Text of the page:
Stress among teens is reaching epidemic proportions. This excessive, prolonged stress affects their bodies and their brains. Researchers at the Center on the Developing Child at Harvard University found that when toxic stress is triggered continually over a period of time it can have a cumulative toll on an individual’s physical and mental health — for a lifetime. As the mother of two teenagers and one pre-teen, and as a mindfulness teacher working with teens, I see every day the tremendous stress our teenagers experience in their young lives. I often ask the teens I work with to make a list of what stresses them out. Homework, school and college admissions are always at the top of the list. Now, they have added a new stressor to their list – their cellphones— as they are admitting that their compulsion to check their devices, and the added pressure that comes with that constant connectivity, is distracting and anxiety provoking.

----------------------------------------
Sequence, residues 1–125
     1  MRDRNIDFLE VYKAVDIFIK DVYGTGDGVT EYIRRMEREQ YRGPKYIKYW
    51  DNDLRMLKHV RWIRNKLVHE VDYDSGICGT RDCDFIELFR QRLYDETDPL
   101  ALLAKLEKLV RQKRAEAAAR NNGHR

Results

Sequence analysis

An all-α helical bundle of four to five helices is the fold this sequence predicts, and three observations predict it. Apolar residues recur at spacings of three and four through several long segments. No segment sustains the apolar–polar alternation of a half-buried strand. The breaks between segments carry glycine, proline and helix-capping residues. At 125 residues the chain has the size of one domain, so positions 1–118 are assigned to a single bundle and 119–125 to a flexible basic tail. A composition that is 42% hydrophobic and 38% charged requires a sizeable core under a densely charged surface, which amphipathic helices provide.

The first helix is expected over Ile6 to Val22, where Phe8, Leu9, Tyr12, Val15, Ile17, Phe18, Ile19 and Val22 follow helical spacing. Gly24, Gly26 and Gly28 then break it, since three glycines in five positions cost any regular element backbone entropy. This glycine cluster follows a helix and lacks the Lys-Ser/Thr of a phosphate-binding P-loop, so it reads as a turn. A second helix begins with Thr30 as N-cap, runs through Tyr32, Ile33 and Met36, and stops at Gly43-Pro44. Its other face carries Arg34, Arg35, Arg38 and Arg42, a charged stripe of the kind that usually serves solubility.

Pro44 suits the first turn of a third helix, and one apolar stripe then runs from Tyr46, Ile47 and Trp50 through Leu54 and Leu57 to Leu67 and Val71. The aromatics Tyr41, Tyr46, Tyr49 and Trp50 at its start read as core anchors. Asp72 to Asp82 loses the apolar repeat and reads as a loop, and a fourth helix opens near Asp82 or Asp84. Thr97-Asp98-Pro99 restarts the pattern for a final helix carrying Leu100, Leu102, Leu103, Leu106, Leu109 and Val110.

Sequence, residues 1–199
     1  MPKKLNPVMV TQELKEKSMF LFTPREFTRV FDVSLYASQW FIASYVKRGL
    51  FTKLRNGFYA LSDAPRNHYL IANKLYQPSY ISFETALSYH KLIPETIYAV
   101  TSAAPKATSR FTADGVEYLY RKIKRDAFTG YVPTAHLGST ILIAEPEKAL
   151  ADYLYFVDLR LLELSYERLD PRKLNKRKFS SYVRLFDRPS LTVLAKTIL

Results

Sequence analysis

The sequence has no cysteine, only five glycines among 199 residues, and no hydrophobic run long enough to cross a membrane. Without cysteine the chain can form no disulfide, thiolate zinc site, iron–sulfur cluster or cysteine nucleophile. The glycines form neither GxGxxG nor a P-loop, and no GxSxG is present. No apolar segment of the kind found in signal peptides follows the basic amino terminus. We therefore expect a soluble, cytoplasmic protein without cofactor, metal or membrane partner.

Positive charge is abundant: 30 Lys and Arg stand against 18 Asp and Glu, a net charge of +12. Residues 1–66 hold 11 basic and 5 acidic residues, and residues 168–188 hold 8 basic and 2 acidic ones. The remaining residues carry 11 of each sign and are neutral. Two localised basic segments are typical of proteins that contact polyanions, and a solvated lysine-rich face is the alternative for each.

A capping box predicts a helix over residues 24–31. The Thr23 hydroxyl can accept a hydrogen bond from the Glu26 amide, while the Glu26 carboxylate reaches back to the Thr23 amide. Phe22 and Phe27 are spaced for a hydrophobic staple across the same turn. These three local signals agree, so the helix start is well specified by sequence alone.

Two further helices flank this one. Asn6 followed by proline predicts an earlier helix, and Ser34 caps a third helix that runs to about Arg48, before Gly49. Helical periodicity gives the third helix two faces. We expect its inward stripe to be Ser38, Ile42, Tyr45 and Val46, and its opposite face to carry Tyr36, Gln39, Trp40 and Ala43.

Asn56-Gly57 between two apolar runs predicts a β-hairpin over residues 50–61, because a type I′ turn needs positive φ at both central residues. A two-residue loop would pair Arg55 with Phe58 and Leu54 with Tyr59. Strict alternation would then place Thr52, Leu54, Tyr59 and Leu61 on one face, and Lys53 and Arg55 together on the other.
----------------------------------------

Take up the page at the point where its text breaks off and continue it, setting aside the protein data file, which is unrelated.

This overload of schoolwork, the pressure to succeed in an extremely competitive culture and their constant connectivity leaves our teenagers with no time or ability to disconnect from their peers, to relax and unwind or to connect with their families.
As a result, we are seeing record levels of anxiety, depression, insomnia, attention disorders and even suicide among our teens. Studies also show that teens are turning to unhealthy coping mechanisms like drugs and alcohol, to tune out or avoid the discomfort of their anxiety. There is a critical need for parents and children to learn skills that will not only help them cope with this stress, but will also help them thrive. I am thrilled to be partnering with Partnership for Drug-Free Kids to help parents and teens learn healthy ways to cope with stress. To read more on Mindful Practices for Calm, Focused and Happy Teens, click here.